Standard metal HSS bits are usually black or dark gray in color. They won’t have a brad point like their wood counterparts, and instead have a slight angle on each side of the tip that meets at a dull point.
Cobalt and Titanium-Coated
Standard HSS bits for metal can get most common jobs done, but there might be a time when you need a high-performance bit for heavier materials or to reduce the heat that some metal bits can create when working with metal materials.
Cobalt and titanium-coated drill bits are helpful for these purposes. Cobalt bits are made from a mixture of steel and cobalt, while titanium bits are steel bits with a titanium coating to strengthen them.
Both can handle various types of metals, but titanium-coated drill bits tend to last longer when used with soft metals and wood, while cobalt can drill through the toughest materials.
What are Some Other Drill Bits That are Less Common?
You’ll notice that there is a vast selection of other drill bits that don’t fit the same mold as those we’ve mentioned. That’s because they’re less common for everyday use and more common for special projects, such as working with bricks, glass, or even unique wood projects.
Some other drill bits you might find include:
Masonry bits have a twisted body like standard metal and wood drill bits, but their tips are shaped differently. A masonry drill bit has a flatter tip that, when used with a hammering drill, can break up the brick to help the drill bit move through.
The corkscrew body is a little different than those of metal and wood bits too. Some masonry drill bits have a double-twist design that not only helps the bit glide through masonry, but it also clears away the broken material to create a clean hole.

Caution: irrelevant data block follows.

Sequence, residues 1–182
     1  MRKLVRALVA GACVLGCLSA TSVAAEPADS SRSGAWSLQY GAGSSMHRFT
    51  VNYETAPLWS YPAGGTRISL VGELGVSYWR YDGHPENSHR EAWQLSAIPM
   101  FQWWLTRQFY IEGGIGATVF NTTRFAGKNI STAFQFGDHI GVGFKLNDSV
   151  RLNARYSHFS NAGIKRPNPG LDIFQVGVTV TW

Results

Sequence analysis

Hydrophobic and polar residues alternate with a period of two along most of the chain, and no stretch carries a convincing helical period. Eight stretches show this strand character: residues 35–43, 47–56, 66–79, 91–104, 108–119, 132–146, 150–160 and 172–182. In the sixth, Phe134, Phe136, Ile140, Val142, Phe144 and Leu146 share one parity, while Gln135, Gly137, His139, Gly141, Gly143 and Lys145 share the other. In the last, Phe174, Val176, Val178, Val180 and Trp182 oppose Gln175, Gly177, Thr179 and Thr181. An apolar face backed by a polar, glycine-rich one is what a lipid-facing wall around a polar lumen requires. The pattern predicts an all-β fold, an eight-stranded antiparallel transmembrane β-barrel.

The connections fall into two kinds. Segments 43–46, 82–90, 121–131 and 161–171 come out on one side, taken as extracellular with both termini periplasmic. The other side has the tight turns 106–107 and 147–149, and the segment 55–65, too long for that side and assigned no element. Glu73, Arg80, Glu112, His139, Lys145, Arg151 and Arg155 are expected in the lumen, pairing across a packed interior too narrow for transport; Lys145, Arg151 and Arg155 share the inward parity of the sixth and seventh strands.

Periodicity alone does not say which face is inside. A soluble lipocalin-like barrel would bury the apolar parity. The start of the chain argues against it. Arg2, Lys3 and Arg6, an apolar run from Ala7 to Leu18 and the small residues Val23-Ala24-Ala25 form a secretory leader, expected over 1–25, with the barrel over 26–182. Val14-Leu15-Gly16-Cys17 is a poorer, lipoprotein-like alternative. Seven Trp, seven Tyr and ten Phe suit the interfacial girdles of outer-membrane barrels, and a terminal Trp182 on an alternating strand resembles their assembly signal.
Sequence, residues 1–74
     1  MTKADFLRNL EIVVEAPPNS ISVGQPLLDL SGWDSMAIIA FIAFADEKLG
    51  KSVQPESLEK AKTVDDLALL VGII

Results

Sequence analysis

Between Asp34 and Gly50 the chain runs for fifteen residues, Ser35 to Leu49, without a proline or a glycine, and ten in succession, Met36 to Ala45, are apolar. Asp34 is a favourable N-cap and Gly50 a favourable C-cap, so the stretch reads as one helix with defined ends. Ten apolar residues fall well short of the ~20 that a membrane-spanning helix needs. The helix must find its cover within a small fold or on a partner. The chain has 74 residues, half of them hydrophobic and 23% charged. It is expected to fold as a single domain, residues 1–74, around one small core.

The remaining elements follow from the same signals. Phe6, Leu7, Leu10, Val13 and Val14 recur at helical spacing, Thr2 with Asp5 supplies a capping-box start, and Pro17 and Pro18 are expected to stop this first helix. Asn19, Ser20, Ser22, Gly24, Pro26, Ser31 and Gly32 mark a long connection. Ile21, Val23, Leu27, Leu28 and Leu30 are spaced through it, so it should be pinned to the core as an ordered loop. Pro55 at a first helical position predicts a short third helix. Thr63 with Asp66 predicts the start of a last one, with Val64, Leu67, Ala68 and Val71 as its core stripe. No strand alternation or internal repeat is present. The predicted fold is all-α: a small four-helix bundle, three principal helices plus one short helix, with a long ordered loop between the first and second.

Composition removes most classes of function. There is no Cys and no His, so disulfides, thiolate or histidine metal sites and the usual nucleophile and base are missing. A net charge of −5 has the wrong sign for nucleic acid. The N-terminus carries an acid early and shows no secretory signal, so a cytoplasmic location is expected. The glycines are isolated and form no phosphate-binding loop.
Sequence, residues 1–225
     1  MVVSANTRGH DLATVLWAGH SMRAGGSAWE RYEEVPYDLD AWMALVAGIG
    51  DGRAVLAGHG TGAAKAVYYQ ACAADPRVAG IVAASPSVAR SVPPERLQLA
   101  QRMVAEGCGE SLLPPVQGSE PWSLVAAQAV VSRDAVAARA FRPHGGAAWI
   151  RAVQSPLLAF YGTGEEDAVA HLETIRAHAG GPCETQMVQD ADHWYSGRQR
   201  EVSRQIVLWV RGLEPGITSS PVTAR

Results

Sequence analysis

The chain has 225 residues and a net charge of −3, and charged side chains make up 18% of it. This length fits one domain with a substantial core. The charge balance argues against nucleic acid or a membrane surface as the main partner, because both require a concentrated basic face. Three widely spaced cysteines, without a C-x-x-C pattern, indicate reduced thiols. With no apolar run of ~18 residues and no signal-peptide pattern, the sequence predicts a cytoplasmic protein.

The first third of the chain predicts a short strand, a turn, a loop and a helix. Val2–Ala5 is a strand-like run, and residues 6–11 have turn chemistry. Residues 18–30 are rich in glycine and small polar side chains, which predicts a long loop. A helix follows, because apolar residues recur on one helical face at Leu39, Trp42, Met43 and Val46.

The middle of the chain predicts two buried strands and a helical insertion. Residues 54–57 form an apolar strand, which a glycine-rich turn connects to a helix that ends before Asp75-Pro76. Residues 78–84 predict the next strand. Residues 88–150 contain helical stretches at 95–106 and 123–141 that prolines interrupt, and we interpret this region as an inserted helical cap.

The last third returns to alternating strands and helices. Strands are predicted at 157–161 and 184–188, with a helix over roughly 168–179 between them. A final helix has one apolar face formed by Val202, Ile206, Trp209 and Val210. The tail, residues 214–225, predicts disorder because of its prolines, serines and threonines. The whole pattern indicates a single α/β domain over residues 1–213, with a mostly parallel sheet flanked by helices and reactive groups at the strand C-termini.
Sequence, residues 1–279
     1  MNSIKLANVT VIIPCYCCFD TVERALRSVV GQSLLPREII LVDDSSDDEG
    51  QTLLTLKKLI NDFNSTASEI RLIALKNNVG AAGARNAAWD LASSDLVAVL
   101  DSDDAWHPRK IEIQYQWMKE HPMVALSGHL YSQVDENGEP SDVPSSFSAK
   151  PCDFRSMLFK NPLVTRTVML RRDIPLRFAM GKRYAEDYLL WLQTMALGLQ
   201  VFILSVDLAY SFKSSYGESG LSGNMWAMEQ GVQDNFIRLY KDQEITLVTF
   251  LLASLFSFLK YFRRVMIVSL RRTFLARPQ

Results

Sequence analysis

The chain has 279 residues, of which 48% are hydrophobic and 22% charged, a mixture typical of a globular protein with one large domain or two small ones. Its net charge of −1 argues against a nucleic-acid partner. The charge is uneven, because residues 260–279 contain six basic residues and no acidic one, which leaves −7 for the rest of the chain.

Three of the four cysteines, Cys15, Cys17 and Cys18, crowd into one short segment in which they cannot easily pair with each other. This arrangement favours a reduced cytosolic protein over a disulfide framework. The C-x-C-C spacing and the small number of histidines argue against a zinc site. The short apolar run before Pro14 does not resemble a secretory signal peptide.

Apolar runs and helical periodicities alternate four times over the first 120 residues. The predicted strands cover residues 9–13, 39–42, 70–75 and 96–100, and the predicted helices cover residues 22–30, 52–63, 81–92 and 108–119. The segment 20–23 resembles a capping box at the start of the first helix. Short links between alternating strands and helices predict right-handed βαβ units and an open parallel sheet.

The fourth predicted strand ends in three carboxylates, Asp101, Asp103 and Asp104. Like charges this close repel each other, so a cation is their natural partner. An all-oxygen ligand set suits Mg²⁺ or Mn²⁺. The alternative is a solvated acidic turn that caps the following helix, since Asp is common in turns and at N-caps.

The drill bits you’d use for glass can usually be used with tile. These drill bits have to be quick and strong to make their way through fragile materials without breaking them.
The best bit for glass is usually made from carbide or diamond, both of which are sturdy materials that can cut through glass with ease.
Carbide glass drill bits have small spade-shaped tips with a point that keeps them from wandering. Diamond drill bits usually have a cylindrical tip that abrades the glass to make a clean hole.
You’ll likely encounter a lot of specialty drill bits when you search for the best bits for your project. Bits made for specific purposes will usually look much different than others, so you won’t have to worry about confusing them with one that might better suit your needs.
Specialty drill bits can come in handy for working with unusual materials, like granite and stone, or for creating unique designs in wood projects.
Conclusion: Drill Bits, Different Types for Different Purposes
Although wood and metal drill bits are among the most common, they’re certainly not the only drill bits on the market. Understanding the differences between drill bits can make it easier for you to find the ones you need.
When it comes to drill bits, different types will make a difference in your finished project. We hope this guide serves as a valuable resource for some of the most common different types of drill bits you’ll encounter, and what uses they’re meant for.